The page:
The Second Department, reversing (modifying) Supreme Court, determined plaintiff’s motion for summary judgment in this intersection traffic accident case should have been granted. Plaintiff was a passenger in a taxi cab when the cab collided with the Katz-defendants’ vehicle which was making a left turn in front of the cab:
“Pursuant to Vehicle and Traffic Law § 1141, ‘[t]he operator of a vehicle intending to turn left within an intersection must yield the right-of-way to any oncoming vehicle that is within the intersection or so close to it as to constitute an immediate hazard'” … . “A violation of this statute constitutes negligence per se” … . Here, the evidence submitted by the plaintiff in support of her motion, which included the deposition testimony of Gabriel Katz as to the happening of the accident, established, prima facie, that Gabriel Katz was negligent in making a left turn when it was not safe for him to do so in violation of Vehicle and Traffic Law §§ 1141 and 1163, and that his negligence was a proximate cause of the collision … . While there are some discrepancies between the deposition testimony of the plaintiff and Gabriel Katz as to the relative position of the vehicles at the time of the impact, even under Gabriel Katz’s account, he was “negligent in attempting to make a left turn when the turn could not be made with reasonable safety” … . In opposition, the Katz defendants failed to raise a triable issue of fact. Contrary to their contention, the evidence did not support the possible applicability of the emergency doctrine under the circumstances … . Lindo v Katz, 2022 NY Slip Op 03379, Second Dept 5-25-22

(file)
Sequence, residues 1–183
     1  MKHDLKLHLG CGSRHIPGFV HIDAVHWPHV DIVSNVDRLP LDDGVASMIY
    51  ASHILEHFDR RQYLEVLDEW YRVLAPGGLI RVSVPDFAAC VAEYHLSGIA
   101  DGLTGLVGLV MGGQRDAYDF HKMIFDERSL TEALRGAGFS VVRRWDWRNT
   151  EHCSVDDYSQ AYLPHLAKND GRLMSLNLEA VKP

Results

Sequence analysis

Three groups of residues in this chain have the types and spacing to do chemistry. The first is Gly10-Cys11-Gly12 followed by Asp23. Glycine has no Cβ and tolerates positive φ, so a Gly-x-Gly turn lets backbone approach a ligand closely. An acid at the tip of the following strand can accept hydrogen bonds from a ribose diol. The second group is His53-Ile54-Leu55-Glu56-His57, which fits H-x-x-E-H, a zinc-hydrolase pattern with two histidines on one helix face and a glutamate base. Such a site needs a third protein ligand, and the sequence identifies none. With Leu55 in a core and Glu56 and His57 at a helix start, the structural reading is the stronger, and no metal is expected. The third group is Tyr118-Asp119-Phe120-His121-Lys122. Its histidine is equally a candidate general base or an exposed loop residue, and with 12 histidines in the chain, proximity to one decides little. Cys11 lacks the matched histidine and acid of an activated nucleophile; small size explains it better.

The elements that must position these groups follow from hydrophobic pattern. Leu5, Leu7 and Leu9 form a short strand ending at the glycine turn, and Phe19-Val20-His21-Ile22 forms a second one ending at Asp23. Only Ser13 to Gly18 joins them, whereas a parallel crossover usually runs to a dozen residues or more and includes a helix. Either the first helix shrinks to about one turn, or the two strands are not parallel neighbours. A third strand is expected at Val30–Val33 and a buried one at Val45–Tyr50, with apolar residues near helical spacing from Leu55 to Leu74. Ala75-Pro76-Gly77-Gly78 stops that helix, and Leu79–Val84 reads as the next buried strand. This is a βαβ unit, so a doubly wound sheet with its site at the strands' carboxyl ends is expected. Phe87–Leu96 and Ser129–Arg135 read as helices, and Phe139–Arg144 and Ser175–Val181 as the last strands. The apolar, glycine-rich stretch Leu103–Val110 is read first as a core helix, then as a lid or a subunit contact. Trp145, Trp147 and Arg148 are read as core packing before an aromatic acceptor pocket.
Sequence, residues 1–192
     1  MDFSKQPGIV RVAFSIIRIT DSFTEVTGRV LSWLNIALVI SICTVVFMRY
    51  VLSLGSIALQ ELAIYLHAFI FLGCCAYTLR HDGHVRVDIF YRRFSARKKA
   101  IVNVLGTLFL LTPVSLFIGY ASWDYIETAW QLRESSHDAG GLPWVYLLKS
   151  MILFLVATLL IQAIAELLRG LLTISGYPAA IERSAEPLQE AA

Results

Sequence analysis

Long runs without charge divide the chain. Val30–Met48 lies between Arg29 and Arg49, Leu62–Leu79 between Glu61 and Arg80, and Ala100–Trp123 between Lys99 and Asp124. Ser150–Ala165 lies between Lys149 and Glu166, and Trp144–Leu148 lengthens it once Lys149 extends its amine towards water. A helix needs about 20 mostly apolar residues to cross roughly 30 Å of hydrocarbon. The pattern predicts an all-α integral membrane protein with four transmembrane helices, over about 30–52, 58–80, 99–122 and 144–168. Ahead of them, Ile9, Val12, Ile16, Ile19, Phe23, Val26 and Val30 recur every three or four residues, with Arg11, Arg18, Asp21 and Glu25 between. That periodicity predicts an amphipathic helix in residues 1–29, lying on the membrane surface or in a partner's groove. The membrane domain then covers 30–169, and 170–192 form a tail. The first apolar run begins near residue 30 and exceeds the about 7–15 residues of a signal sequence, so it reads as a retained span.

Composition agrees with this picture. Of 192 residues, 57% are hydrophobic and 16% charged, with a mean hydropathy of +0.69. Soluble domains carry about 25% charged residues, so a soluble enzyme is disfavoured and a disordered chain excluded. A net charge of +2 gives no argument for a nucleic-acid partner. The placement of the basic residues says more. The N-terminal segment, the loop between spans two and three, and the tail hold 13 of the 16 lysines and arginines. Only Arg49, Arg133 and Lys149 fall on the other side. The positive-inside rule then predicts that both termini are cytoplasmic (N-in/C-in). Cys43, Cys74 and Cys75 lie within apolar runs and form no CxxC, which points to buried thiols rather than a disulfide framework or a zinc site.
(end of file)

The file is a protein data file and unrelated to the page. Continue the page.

Practice Point: A left turn in violation of Vehicle and Traffic Law 1141 is negligence per se.